Want More Traffic From Pinterest? Stop Pinning Images That Suck
Posted on April 14, 2015 | By Kelly | 25 responses
For the love of all that’s good and righteous in this world, please optimize your images for Pinterest.
I visit a lot of blog posts every day and I’m just so sad when I see a really good, interesting post with no decent images to pin. In fact, as I go through Pinterest, I see a lot of images that just flat out suck.
It’s frustrating when I see someone say “Oh, Pinterest doesn’t work for me” and then when I go to see their blog, they have small, ugly, boring images. It’s pretty clear why they don’t get any traffic from Pinterest!
If you aren’t getting any substantial traffic from Pinterest, I can guarantee you that you’re doing something wrong. So I’ve made a list of what you can do to change it.
1. Use Tall Vertical Images. When you go to Pinterest, look at the layout of the page. It’s in tall columns. How do you possibly think that a short, wide image is going to look good? It’s just going to get swallowed up on those tall columns.
2. Think Bright Colors. Yellow, red and orange stand out from all the blues and greens on Pinterest. Add some interesting color to your images if you can so that they stand out. For some reason, brown also does well.
3. Label Your Pin. Spend 5 minutes with your image in Picmonkey or Canva adding a little text to it. I don’t like clicking on a link when I’m not sure where it’s going to lead me. Just today, I saw a pin of a child’s toy abacus. It had no text whatsoever, and I had no idea what the post would be about. Why would I repin that? Why would I even stop to click on it? Normally I wouldn’t but for the sake of this article, I did – it was about finance. What??
Put those three tips together, and you should have a fairly Pinterest friendly image – Compare these two:
That second one literally took me 5 minutes to do in PicMonkey.
There are a few other tips I picked up from this really excellent post at Buffer about creating perfect pins:
– Avoid having human faces, posts with faces get fewer repins
– Keep ‘background’ to a minimum – don’t have a lot of open space.
– Have moderate light exposure and color saturation – too much or too little reduces repins.
But there’s more…
I want you to think about the purpose of a pin. If you pin an image from your blog, you’re hoping for two things: You want people to repin it, and you want people to click it and come to your blog.
So why would you share an image that doesn’t entice people to click on it?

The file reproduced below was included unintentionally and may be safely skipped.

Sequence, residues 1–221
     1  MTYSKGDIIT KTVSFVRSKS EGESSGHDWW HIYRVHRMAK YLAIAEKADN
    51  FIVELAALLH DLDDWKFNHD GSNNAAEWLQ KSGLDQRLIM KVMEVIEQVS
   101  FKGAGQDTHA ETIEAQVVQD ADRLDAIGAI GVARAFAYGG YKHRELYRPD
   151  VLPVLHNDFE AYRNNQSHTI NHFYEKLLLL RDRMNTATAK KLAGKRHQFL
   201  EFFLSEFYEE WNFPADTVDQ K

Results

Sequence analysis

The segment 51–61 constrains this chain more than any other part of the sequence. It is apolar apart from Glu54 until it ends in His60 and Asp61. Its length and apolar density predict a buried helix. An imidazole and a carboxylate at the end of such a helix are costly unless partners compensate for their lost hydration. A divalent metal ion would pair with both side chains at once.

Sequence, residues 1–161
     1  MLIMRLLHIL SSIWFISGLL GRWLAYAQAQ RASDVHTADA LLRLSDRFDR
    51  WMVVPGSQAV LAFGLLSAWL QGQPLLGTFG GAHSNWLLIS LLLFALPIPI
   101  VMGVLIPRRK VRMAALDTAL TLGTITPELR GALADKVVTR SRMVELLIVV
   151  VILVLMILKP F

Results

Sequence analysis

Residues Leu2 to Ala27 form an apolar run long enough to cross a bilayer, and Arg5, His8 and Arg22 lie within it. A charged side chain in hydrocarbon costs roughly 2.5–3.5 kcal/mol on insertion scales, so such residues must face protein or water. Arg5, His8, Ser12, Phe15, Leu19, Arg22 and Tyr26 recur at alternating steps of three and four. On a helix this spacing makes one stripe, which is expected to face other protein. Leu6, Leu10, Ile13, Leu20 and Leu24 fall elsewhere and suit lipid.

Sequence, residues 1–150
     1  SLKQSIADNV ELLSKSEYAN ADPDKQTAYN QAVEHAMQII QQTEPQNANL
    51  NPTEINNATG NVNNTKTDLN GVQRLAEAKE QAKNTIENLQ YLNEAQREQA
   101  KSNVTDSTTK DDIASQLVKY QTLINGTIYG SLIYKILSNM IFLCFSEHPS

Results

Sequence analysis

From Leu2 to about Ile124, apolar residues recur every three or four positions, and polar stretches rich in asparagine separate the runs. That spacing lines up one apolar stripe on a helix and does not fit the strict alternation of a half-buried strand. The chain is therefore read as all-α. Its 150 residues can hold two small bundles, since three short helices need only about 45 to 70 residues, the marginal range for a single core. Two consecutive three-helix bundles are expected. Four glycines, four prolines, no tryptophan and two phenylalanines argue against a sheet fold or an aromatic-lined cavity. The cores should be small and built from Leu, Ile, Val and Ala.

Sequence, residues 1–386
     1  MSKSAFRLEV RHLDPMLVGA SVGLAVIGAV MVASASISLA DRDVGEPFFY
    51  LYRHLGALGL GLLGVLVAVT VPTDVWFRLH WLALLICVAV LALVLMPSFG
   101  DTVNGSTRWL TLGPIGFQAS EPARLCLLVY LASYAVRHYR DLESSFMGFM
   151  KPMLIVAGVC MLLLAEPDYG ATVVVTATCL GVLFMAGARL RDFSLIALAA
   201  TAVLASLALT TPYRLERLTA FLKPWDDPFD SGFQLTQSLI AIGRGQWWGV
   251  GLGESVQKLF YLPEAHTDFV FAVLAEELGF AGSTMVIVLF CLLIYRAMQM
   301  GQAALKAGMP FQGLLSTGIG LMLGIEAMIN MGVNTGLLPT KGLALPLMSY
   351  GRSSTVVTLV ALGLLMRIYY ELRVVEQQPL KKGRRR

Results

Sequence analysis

You know that song “My milkshake brings all the boys to the yard”? Well, it brings the boys because that milkshake was something they wanted, y’all. If you want your pin to bring all the folks to your blog, that pin has to be something they want.
Imagine that you’ve pinned a picture of your child hugging Mickey Mouse. Maybe there’s no text, or maybe there’s a little text that says “The Jones Family Does Disney” or something equally generic. Now we all know your kid is the cutest kid in the world – but all the same, why would I repin pictures of other people’s kids at Disney? It’s kind of like inviting people to my house to show them a slideshow of someone else’s vacation.
And unless that child is my nephew or grandchild, I probably don’t care that much about his trip to Disney.
I know that if you’re a lifestyle blogger, blogging about your life and your family is what you’re about. But you still have to keep in mind “What is in this for my reader?”
Are you writing that post because your kids are just so stinking cute you can’t stand it? Well, I hate to break it to you, but that’s not really click-worthy to the masses.
On the other hand…
Are you going to blog about how you survived a day at WDW with two toddlers and no meltdowns? I know a lot of moms would love that secret. Or maybe how you did Disney on a budget – that’s another great post that lets you share your trip and your gorgeous little babies while still providing a real value to your reader.
And then when you create an image, you’ll have something truly pin-worthy – your baby hugging Mickey Mouse in a tall, brightly colored image with text that says “How We Survived A Day in the Magic Kingdom With Two Toddlers”.
So to recap:
- Tall Vertical Image
- Bright attention-grabbing colors
- Text that tempts your readers and lets them know there’s something here they WANT.
And that’s what’s going to bring all the boys to the yard.
PS. If you want even more traffic from Pinterest, you should absolutely be using a pin scheduler like BoardBooster – In fact, you can read here how I’ve boosted my Pinterest traffic and followers since I started using BoardBooster.